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Newark's David Avanesyan defeats Kerman Lejarraga with stunning first round TKO in Bilbao - trainer Carl Greaves gives his verdict


By Connor Thompson


David Avanesyan has elevated himself to world level, says trainer Carl Greaves.

The Russian-born fighter put on a masterclass in Bilbao, Spain, as he successfully defended the European welterweight title with a first round technical knockout victory over Kerman Lejarraga.

The 31-year-old, who trained in Newark, needed less than three minutes as he rocked the Spaniard with a left hook, which forced the referee to stop the contest.

David Avanesyan celebrates in the ring. Credit: @Adrumor (18378165)
David Avanesyan celebrates in the ring. Credit: @Adrumor (18378165)

“We had the time of our lives,” said Greaves, who led Avanesyan’s camp.

“It has been one of the biggest weeks for both of us and we couldn’t have dreamt of a better outcome.”

Avanesyan upset the odds when he stole the title from Lejarraga in March, and the 10,000-strong Spanish crowd made their feelings known as the Newark fighter made his return to the Bilbao Arena.

“They were doing everything they could to get into David’s head, but he is so calm, nothing phases him,” said Greaves.

“He has so much experience and has fought all over the world.”

But despite visiting arenas in Monte Carlo, Arizona, Cincinnati and Nevada with Avanesyan, Greaves said he found the experience in Spain daunting as he followed Avanesyan to the ring.

“You have to remember Kerman is a superstar over there, and speaking to the Spanish Federation, I realised how big he is,” said Greaves.

“When he fights, people come from all over northern Spain. He brings people into the city.”

Greaves, who spoke openly, revealed he had his doubts when landing in Bilbao, but it was a temporary thought that he soon removed from his mind.

“His team were saying all of the right things when I got there,” he said.

“They pointed out what Kerman did wrong in the last camp and I had a few doubts in my head.

“The said they took David for granted, but then when it got to the weigh-in, all my doubts went away.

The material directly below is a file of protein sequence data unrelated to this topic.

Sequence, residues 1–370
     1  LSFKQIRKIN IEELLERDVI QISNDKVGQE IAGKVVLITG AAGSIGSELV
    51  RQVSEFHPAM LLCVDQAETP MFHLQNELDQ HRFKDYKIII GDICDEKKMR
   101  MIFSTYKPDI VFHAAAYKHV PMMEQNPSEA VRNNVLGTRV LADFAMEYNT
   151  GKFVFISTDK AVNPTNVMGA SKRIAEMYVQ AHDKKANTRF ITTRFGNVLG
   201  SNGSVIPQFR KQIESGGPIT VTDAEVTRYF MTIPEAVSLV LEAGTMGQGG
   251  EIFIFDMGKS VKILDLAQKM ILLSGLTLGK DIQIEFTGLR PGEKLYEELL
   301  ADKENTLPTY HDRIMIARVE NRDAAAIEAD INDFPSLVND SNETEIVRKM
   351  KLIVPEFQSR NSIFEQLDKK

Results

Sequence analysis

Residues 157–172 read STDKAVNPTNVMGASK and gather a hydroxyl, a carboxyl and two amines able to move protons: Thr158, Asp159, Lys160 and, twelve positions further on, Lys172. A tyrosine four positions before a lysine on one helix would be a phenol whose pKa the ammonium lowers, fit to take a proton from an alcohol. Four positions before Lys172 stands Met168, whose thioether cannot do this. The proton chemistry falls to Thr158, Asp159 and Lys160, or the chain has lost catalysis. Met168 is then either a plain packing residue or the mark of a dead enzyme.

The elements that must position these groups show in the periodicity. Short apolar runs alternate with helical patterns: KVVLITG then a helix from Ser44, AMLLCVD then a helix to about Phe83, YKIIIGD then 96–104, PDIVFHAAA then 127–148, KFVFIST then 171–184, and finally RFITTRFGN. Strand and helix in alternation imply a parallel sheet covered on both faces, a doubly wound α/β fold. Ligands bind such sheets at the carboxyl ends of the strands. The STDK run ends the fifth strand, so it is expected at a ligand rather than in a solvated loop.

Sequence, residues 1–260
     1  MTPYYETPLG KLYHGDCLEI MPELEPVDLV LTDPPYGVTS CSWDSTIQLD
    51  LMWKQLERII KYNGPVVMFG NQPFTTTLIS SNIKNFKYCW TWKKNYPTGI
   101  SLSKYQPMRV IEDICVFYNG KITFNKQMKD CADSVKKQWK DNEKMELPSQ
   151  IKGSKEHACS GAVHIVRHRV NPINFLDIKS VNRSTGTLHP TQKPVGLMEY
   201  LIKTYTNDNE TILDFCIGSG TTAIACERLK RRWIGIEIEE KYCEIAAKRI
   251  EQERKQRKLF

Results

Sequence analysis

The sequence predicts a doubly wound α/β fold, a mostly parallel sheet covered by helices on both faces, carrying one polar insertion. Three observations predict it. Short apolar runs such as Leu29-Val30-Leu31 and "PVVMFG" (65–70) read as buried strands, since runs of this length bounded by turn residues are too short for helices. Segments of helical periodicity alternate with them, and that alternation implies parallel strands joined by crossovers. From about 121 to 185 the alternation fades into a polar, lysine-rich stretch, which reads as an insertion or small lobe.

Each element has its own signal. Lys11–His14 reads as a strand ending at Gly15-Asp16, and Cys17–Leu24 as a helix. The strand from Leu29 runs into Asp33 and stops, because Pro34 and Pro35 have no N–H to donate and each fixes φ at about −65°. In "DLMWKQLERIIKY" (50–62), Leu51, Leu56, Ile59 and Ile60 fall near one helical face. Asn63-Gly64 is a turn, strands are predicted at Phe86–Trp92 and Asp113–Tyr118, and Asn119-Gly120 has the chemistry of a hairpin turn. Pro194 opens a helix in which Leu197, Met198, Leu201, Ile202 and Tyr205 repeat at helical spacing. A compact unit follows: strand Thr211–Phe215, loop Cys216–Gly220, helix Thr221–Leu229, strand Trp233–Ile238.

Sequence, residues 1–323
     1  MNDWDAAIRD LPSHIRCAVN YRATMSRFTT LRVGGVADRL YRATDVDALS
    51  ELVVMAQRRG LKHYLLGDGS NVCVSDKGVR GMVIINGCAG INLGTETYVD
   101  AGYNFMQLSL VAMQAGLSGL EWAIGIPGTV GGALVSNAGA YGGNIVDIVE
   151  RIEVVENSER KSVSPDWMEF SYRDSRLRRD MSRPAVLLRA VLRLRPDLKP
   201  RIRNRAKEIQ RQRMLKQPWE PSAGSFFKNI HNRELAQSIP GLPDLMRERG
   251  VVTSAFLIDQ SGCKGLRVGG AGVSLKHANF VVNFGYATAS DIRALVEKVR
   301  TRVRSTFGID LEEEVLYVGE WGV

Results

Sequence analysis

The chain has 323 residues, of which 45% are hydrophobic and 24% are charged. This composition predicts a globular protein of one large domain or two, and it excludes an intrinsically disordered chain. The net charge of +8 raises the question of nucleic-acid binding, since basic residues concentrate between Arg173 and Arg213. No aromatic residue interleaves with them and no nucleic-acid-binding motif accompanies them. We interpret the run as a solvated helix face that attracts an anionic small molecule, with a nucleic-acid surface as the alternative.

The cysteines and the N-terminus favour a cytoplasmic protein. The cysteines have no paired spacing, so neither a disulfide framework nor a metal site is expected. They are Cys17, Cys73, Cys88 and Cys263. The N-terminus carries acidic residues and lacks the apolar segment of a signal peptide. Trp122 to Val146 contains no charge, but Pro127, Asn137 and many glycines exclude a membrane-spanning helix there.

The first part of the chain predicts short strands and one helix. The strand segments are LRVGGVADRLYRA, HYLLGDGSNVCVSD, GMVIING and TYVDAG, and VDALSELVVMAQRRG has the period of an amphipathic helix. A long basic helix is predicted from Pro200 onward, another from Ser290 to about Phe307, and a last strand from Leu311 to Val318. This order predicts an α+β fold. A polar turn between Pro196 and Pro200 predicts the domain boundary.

“David was fresh and strong, and Kerman looked the opposite.

“He was uncomfortable, I could tell as soon as I saw him.”

The fight got off to a ferocious start, with Avanesyan dominating the opening stages and, after a flurry of combinations, a left hook to the temple put the Spaniard on the canvas.

Having survived a standing count, Avanesyan advanced, and within 45 seconds Lejarraga was down again, this time by a shot to the chin.

“The writing was on the wall for him,” said Greaves. “David had that killer instinct.

"I told David to target his temple because I knew he was struggling with weight, and being an ex-fighter myself and knowing from my own experiences, it would be temple shot that puts you down."

Greaves said the title defence also added to an incredible journey for the duo, who have the likes of Shane Mosley, Lamont Peterson and Egidijus Kavaliauskas on their boxing CV's.

David Avanesyan and Carl Greaves in Bilbao, Spain.
David Avanesyan and Carl Greaves in Bilbao, Spain.

“What a journey it has been for us," he said. "We are a two man team. There are no strength and conditioning coaches, no dietitians. I am on my own in all of those departments, it's all me.

“Without blowing my own trumpet, there is nobody at this level doing what I’m doing."

Josh Kelly is now a mandatory challenger for Avanesyan’s belt, and the two have tension between them after the former pulled out of a fight earlier this year.

Greaves said Avanesyan’s next bout isn’t set in stone, however, he confirmed whatever his next fight, it will elevate his career.

“Something big looms for David,” said Greaves.



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